The Importance of Involving Product Marketing in Roadmaps
Product marketing managers and team members understand the ideal buyer persona and are equipped to understand the unique problems and needs of their audience. They can provide vital input on features and help product management teams reduce work on an exciting but ultimately minor feature. Knowing what features the target audience values is critical to avoiding the waste of resources that could have been better spent developing something else. That’s why feedback from customers and the product marketing team is vital for any roadmap. The job of the Product Marketing team involves maintaining long-term relationships with clients, which means product marketers understand the proper conversion, engagement, and product usage metrics to help clients plan their next move. They can add analytics know-how to the product roadmap and suggest viable or essential feature requests.
Product marketing managers craft messaging from the go-to-market for new features, communicate them and revise them according to the reception. They can help with wording and distributing announcements on what’s coming next or what was recently released.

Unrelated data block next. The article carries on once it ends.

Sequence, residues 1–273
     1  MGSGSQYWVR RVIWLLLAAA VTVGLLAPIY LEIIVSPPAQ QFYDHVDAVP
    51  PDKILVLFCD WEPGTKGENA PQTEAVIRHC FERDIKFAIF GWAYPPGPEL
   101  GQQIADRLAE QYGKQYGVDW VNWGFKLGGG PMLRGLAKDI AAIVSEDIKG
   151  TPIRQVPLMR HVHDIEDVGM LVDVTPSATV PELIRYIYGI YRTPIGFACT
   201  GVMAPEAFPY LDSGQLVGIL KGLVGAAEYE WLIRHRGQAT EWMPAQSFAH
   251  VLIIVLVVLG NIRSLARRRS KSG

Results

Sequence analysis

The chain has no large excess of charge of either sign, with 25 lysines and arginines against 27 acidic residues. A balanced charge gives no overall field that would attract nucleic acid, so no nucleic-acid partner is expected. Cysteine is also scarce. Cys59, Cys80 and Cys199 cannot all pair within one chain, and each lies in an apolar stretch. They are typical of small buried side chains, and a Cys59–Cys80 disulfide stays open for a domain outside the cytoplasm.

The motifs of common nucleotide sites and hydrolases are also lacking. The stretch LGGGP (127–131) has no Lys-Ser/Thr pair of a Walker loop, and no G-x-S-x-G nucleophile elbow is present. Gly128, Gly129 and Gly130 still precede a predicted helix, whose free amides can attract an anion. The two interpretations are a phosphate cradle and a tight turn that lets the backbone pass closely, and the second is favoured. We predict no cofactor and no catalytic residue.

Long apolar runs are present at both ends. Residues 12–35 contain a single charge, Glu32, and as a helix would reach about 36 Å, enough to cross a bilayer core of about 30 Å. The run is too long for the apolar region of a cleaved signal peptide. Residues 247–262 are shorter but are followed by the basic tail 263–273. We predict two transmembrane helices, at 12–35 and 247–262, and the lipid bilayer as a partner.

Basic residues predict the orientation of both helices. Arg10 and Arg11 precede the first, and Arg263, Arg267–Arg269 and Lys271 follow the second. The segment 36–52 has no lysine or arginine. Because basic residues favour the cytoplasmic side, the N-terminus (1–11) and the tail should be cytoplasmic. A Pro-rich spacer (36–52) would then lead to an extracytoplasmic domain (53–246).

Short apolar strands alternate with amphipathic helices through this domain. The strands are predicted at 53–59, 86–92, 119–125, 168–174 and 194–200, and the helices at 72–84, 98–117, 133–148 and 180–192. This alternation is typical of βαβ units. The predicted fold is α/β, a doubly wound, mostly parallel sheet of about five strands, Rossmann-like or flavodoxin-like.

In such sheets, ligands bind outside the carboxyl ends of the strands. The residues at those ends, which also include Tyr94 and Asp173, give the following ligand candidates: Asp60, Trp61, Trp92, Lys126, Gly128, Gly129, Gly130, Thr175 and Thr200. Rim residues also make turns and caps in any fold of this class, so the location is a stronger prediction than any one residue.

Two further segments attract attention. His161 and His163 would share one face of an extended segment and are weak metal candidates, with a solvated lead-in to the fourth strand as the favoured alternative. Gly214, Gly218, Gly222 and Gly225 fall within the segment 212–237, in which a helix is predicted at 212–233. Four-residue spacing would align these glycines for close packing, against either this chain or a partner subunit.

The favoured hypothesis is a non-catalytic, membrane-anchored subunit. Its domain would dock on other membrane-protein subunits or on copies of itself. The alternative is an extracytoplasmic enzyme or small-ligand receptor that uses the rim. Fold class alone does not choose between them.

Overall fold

What should be included in a product roadmap?
Effective roadmaps present a strategic view of a product, which can include more tactical levels of detail based on the needs of the product manager and circumstances. In simpler terms, a product roadmap tells the product’s story in broad strokes from the product launch and then elaborates on more minor, more detailed aspects of that story based on the target audience. In general, product roadmaps contain the following:
Themes are high-level objectives for the product that are grouped by some related set of features of commonality. Themes define broad strategic goals for the product, which can easily be communicated in plain language to all stakeholders.